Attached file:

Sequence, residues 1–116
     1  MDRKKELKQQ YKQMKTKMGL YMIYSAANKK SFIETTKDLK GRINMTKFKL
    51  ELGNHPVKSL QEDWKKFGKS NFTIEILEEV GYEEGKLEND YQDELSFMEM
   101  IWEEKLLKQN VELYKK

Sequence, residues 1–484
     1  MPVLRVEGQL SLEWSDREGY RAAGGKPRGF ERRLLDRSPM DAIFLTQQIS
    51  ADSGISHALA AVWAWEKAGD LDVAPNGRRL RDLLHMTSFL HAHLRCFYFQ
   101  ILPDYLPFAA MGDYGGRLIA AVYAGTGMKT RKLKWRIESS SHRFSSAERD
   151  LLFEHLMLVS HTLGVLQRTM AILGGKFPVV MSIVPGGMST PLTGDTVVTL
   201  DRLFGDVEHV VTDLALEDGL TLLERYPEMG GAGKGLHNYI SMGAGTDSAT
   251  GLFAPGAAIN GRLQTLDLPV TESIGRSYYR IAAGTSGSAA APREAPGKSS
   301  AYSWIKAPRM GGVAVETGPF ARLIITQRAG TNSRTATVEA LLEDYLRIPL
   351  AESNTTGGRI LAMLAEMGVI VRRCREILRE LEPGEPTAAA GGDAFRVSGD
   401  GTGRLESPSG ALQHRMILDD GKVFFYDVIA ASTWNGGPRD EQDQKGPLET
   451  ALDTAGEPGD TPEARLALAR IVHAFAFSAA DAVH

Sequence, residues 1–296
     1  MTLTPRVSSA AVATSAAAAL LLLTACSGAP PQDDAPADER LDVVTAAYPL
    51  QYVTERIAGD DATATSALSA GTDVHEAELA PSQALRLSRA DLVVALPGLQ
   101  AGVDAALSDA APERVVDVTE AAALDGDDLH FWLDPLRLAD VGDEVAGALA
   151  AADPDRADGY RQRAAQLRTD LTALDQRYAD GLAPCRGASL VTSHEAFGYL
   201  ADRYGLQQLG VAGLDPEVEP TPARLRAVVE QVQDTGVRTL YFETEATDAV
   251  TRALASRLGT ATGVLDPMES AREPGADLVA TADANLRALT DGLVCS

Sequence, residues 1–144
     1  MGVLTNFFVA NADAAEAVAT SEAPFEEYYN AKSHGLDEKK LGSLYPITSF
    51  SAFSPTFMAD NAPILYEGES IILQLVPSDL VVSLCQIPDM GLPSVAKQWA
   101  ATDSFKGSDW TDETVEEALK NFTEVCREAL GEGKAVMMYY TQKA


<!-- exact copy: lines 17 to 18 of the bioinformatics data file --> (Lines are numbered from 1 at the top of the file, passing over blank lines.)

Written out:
     1  MTLTPRVSSA AVATSAAAAL LLLTACSGAP PQDDAPADER LDVVTAAYPL
    51  QYVTERIAGD DATATSALSA GTDVHEAELA PSQALRLSRA DLVVALPGLQ